Julia and China-Australia trade relations
Prime Minister Julia Gillard’s recent trip to China has set a new precedent for China-Australia relations.After attending discussions with Premier Li Keqiang, Gillard signed what’s being hailed as “the deal of the decade”, a Strategic Partnership Agreement between the two countries.
Gillard’s deft handling of the talks resulted in the historic deal that guarantees annual talks between the two powers, and reciprocal cooperation to tackle issues such as climate change and economic ties head on together. The move sees Australia join the likes of Germany, Russia and the UK who also have similar talks in place with China.
The historic deal comes on the tail of 40 years of diplomatic ties, clearly outlining important policies and paving the way for annual leadership dialogue that will be mutually beneficial.
As China’s economy heats up, an increasing number of countries are vying for their attention. By securing annual talks, Gillard has moved Australia from just another competitor to a valued partner. The Australian government appears to have finally ramped up plans to engage with China.
Addressing reporters, Gillard proclaimed, “When the history of this relationship is written, I think this will be remembered as a day that a big step forward was taken.” She continued, “Right around the world countries are competing for China’s attention … we won’t have to compete every time to get to the table, we’ll be there at the table working on the issues that deeply matter to both of us.”
What does it mean for Australian businesses?
Gillard’s success in Beijing holds many ramifications for businesses both large and small in Australia.
One primary result is the change in the cost of doing business with China. Australia will become the third country to have direct currency trading, meaning that businesses will no longer have convert into USD first. Companies can enjoy direct trading with the Chinese Yuan, and two major banks – Westpac and ANZ – have already been granted trading licenses. The result is faster, more convenient and less expensive currency deals for small, medium and large businesses.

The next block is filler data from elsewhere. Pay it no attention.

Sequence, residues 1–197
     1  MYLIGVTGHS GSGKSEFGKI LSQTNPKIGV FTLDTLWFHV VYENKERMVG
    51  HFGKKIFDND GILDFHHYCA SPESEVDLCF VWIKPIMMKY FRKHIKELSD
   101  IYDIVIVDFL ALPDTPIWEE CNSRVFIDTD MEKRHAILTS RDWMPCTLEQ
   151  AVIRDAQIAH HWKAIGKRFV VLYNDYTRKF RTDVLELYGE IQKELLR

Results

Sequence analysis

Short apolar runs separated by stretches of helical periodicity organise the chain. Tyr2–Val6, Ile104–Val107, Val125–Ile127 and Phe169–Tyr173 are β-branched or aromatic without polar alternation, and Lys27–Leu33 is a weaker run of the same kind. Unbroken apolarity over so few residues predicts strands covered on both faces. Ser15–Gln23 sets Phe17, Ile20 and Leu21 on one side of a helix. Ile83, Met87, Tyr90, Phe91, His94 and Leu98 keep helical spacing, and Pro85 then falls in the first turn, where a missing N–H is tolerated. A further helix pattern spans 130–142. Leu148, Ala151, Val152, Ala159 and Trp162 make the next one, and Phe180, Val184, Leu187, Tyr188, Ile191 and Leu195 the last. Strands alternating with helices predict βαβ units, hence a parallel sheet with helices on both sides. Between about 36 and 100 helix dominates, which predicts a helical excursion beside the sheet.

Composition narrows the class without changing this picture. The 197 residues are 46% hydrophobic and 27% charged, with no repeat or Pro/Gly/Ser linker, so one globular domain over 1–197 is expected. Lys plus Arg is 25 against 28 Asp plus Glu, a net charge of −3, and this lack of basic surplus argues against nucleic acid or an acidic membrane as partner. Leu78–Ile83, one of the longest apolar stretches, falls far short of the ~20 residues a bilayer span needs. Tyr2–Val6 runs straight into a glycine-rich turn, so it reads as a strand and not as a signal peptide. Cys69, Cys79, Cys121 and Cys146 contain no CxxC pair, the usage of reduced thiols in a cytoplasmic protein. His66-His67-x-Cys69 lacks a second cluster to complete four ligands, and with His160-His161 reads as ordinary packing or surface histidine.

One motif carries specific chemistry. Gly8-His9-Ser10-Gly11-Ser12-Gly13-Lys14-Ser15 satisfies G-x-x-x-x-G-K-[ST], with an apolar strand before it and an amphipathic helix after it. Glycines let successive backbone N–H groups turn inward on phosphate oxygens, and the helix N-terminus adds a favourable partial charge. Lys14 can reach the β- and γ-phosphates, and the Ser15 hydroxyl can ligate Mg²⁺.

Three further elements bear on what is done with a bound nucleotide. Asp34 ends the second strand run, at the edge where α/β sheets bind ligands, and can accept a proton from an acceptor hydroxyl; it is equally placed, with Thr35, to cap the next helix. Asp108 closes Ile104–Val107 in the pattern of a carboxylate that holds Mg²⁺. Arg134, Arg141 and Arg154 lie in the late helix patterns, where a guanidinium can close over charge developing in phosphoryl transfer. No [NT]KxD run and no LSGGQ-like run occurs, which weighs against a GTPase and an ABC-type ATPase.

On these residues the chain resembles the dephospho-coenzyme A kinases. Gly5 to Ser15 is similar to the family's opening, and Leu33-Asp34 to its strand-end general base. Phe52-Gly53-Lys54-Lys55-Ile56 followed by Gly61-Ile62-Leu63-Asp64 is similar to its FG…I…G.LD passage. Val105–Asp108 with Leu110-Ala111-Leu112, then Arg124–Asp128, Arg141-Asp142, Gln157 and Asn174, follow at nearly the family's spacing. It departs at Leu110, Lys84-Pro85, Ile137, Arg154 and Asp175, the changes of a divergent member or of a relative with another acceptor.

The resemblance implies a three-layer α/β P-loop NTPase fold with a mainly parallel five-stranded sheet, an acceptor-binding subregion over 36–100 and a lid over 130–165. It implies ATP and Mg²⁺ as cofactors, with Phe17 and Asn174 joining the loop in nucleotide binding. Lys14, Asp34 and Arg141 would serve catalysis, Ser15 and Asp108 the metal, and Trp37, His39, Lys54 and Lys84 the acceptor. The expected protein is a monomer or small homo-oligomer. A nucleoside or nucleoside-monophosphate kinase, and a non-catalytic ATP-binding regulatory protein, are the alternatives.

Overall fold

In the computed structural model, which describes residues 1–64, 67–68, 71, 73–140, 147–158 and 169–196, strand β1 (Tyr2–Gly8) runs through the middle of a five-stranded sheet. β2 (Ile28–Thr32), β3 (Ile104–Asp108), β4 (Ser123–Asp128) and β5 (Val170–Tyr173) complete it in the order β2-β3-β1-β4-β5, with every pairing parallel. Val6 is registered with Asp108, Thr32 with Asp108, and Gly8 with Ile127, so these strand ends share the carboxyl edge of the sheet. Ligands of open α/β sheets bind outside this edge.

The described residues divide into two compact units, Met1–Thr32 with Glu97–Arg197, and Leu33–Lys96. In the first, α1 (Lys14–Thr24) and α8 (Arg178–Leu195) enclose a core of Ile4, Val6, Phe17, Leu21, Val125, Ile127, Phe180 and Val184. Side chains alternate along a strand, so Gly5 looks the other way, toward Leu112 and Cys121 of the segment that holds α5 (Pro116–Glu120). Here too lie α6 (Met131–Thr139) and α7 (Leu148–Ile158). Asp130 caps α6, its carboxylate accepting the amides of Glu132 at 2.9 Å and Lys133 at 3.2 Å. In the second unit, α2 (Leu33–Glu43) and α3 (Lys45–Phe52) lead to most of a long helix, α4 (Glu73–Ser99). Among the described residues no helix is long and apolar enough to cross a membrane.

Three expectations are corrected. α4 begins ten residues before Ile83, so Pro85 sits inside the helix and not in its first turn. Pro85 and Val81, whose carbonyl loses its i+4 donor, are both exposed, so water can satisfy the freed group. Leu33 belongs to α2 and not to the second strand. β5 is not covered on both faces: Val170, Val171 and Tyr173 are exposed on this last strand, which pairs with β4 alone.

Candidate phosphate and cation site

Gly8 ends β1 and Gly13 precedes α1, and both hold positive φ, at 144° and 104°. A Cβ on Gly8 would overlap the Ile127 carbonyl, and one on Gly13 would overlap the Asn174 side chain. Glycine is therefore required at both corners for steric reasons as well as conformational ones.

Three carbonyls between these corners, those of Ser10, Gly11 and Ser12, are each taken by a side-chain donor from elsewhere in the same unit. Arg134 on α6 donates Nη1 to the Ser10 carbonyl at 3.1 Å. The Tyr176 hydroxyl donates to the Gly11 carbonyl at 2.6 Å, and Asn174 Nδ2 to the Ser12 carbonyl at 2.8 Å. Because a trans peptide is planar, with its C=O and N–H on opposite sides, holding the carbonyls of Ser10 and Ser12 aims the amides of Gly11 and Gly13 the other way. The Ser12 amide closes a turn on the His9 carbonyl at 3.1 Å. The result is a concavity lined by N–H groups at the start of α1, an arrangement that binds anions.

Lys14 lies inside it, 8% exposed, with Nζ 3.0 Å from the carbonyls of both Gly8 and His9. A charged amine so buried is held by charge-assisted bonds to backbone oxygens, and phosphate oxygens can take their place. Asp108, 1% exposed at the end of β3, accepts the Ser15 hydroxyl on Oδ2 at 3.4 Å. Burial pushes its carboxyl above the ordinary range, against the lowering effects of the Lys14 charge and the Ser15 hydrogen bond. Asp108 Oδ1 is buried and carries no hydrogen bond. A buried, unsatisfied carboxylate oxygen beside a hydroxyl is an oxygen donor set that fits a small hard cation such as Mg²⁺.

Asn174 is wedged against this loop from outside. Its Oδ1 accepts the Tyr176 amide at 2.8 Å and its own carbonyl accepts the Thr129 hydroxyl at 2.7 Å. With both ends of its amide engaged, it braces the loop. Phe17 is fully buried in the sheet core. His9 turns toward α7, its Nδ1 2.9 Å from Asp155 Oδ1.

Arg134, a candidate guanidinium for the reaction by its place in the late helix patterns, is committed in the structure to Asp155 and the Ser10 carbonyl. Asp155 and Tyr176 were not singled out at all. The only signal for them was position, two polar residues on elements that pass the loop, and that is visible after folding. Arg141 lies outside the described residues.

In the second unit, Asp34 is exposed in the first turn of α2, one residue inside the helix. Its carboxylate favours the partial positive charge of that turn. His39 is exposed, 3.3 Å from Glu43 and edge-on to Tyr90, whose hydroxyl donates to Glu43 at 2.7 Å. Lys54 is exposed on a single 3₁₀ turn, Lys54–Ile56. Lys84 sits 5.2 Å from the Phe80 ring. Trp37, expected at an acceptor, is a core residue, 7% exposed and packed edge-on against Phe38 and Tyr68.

Two-way trade between Australia and China is worth approximately $128 billion, making China our biggest trading partner. With the two countries working together to increase import and export reliance and trade, Australian businesses are able to cast wider nets, broaden productivity and unlock lucrative opportunities within Asian markets. And with the possibility of a free trade agreement looming, currently under discussion between to the two parties, it looks like those opportunities could yield huge results for companies adept at navigating the market.
But the deal isn’t one sided – companies aren’t relegated to foreign investment if they want to reap the benefits of the agreement. According to Gillard, it provides “clear potential for expanded Chinese investment in Australia.” Over the past five years, hundreds of deals amassing over $81 billion have been approved, and with clearer lines of communication finally open, the likelihood of that number increasing is high.
Securing annual talks with the super power has huge ramifications for Australian business interested in doing business in China, or bringing their business here. More than just being an impressive feat for Gillard’s foreign policy legacy, the partnership deal is a sign that Australia-China relations are moving forward on a positive note, signifying an abundance of economic and trade opportunities to come.